Sunday, 29 July 2012

23. I have a rainbowmaker

I have a rainbowmaker in the window of my flat. It's a tiny solar-powered machine which sticks to my window with a sucker cup. When the sun is shining, the motor rotates a crystal to make dots of light and tiny rainbows fly around my living room. Its case is plastic and the motor has seven wheels; each one is a different colour and a different size, from the tiny violet wheel to the biggest red one.

Rammstein is fascinated by the flying dots. He chases them around the floor and pounces on them, his tail standing straight up with excitement.

He's doing this now as the afternoon sun slants in through the window. I am lying on the sofa with my feet in Gin's lap. She is painting my toenails emerald green. We have cups of milky tea in white china mugs. My laptop is quietly playing Soft Cell.

Last night Gin got drunk and called Jason and left him a long rambling voicemail begging him to take her back. She regrets this today.

"The worst thing is that he'll love it," she says. "He will absolutely love it when he listens to that voicemail. He'll go out and he'll tell all his friends. I've gratified him."

I drink some of my tea. Gin's fingers are warm on each side of my big toe.

"And it won't make him take me back. All I've done is given him all the power. Now he knows how much I want him back, he knows he's in charge and he can do what he wants with me."

Her voice is bitter. Her eyes are filling with tears and I worry she's going to cry on my freshly painted toenails and then I feel like a bad person because a breakup is more important than nail varnish.

"Do you really want him back?" I ask. "With the cheating and the lying and the casual racism and all of it? I mean, were you happy with him?"

"Sometimes," she says.

She thinks about it.

"I can't stop thinking about him. He had this friend, Melanie. And this 'friend', " - the level of sarcasm Gin puts into the word "friend" is enough to strip the varnish off my pine table - "I knew what she was after. I knew she liked him. She's probably in bed with him right now."

Good luck to her, I think.

(I have severe doubts about Jason's ability to perform. There's a lot about his attitude to life which reminds me of one of my exes, Rob. One night I couldn't come, mostly because Rob thought the way to please a woman was to attempt to click her clit as if it was a computer mouse. Any suggestion of a different approach, however diplomatic, made him say: "But girls like this!"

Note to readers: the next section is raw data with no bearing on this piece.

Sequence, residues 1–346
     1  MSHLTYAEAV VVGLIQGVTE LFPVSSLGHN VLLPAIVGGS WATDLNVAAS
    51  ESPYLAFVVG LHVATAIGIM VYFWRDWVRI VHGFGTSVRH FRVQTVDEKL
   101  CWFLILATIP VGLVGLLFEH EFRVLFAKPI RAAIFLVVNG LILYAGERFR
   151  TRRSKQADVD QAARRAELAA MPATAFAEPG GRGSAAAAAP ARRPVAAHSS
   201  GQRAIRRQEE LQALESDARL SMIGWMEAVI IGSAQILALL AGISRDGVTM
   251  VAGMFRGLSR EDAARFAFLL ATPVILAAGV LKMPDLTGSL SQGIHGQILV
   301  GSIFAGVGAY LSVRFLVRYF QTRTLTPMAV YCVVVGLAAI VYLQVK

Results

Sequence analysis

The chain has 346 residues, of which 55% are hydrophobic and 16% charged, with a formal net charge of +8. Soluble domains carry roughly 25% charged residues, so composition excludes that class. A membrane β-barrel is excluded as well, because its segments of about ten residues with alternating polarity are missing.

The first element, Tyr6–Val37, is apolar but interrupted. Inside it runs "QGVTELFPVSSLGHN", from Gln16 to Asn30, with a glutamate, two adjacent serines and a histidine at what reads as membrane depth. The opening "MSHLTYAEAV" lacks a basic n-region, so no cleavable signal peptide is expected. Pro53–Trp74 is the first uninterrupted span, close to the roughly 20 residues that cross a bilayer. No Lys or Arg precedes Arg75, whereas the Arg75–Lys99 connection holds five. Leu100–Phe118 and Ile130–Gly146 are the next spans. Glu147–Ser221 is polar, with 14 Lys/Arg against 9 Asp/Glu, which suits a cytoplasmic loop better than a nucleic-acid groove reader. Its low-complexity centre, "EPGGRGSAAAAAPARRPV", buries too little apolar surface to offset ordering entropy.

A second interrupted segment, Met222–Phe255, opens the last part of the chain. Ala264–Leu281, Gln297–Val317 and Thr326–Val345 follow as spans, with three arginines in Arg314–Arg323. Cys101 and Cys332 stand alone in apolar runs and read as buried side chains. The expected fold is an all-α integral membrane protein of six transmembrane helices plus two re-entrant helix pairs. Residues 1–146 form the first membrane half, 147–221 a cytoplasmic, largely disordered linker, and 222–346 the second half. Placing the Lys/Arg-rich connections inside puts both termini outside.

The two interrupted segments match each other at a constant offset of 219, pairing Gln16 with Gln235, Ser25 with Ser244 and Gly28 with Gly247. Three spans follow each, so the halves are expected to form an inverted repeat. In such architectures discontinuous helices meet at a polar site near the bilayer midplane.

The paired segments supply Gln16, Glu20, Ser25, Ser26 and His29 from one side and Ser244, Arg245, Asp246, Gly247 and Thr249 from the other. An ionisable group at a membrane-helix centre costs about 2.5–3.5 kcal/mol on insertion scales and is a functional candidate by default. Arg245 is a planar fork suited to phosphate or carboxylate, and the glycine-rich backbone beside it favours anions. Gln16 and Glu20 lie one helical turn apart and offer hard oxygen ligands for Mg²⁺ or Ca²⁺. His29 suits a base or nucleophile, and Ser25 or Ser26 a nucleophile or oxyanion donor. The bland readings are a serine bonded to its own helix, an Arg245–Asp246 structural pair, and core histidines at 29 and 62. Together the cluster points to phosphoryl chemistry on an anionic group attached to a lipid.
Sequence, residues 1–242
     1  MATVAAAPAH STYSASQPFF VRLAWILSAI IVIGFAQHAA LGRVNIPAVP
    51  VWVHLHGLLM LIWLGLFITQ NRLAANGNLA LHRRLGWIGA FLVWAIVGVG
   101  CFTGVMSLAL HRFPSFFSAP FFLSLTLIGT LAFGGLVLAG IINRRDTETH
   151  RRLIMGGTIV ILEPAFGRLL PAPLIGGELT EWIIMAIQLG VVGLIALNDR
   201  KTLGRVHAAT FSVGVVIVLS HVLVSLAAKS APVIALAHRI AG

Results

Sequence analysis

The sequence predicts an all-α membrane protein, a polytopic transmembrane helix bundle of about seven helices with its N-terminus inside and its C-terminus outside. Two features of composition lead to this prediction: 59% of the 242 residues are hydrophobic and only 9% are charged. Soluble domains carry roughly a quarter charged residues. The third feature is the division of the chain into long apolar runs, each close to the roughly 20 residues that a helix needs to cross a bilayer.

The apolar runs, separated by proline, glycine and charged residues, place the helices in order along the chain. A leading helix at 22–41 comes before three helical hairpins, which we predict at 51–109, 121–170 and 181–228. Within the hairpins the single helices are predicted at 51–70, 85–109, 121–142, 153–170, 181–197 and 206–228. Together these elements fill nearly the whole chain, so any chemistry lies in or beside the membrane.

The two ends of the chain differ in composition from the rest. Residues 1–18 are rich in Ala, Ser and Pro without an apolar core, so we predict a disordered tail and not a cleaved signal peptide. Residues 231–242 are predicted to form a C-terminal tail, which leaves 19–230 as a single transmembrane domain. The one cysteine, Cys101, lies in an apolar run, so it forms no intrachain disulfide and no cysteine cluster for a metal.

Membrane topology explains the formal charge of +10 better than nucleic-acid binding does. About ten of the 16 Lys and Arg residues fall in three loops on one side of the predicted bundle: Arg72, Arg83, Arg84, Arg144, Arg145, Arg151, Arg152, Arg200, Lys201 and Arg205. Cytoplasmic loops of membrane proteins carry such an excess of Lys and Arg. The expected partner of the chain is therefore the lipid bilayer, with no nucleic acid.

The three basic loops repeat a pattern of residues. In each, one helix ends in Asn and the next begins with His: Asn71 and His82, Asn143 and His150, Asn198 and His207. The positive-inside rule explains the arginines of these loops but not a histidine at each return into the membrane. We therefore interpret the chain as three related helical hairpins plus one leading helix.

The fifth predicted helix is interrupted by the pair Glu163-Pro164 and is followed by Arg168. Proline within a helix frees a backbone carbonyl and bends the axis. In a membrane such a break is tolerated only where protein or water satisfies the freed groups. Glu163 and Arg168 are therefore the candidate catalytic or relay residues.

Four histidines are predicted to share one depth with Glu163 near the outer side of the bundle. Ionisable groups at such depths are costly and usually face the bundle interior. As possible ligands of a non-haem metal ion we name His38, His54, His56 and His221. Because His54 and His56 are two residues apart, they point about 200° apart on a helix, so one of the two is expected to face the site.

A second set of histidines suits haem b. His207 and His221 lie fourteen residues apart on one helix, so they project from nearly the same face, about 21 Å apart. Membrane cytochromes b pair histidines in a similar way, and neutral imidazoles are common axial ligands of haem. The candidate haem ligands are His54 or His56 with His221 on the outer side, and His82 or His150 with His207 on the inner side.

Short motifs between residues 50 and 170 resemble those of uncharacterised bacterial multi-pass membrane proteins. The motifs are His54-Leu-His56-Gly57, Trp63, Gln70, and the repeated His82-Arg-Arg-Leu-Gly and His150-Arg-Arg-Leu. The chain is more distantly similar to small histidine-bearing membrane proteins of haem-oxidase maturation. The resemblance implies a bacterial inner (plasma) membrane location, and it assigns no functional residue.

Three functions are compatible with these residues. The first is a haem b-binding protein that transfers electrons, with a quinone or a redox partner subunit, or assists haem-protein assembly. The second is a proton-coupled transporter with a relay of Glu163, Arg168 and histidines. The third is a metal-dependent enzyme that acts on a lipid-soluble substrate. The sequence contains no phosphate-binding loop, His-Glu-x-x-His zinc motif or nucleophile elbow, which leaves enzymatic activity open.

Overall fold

I said: "I'm sorry, it's not you, my body just isn't behaving tonight," and Rob said: "I know it's not me. I'm doing everything right." After that I just couldn't carry on with him. While I have never slept with Jason I cannot help but imagine he has the same attitude. And probably the same technique.)

"I can't stand it," Gin says. "I can't stop thinking about it. It makes my whole body jealous, it makes me want to throw up."

I swing my legs sideways off the sofa and we hug for a long time. Gin has finished my nails, so now it's my turn to paint hers. She has chosen a brilliant sunflower yellow.

She puts her feet in my lap. She has beautiful feet, long and lean, with high arches. I carefully run the brush over the nail of her left big toe.

I decide to change the subject.

"There's been another murder," I say.

Gin looks up.

"What murders?" she says.

"You know, that guy who's been killing the prostitutes. They found another one not too far from here. In that little park off Wellington Street. It was on the news."

I remember the line of sad photos. Four women so far, some pretty, some not so pretty. One wary-eyed girl, her mouth pressed into a thin line, who couldn't have been more than 20. It's beyond me why prostitution isn't legal. People are always going to do it anyway, it will never be stamped out, so you may as well make it safe for them.

"Oh, is that what it was?" says Gin. "I saw the police tape when I was walking over. They had one of those white tents up."

She fiddles with her phone.

"Do you think I should text him and tell him it was a mistake?"

"No," I say. "I think you shouldn't get in touch with him again."

Sunday, 22 July 2012

22. In a cloud of baking and Cath Kidston print

"So what did you talk about?" Gin asks.

"Yes," said Amanda, "now you've finally had a conversation with this man, what's he actually like?"

This is a good question.

I drink my Cosmopolitan and stare at them. Gin's brown eyes and Amanda's blue are fixed on my face. Gin looks excited, Amanda faintly amused. They've both heard me talk about men before. They both know it's unlikely to come to anything.

Gin is a romantic. She is still hopeful that one day I'll meet the right man and we'll fall in love at first sight and live happily ever after in a cloud of baking and Cath Kidston print.

Amanda understands me too well for that.

"I don't like this cocktail," I say, eventually. "It tastes like not much."

"I don't really like it either," says Gin.

There is still half a litre jug of Cosmopolitan left. Amanda acquires the jug, and a long straw to stick in it. Gin and I order margaritas.

"You haven't answered the question," says Amanda, in between hoovering up rejected Cosmopolitan.

"He was just a guy," I say.

"What did you talk about?" asks Gin. She's wearing dominoes as earrings, the white spots replaced by sparkling red crystals. They swing as she talks.

"The usual stuff."

Amanda lifts her straw out of the jug and blows through it at me. I am covered in a fine mist, which smells of cranberry juice.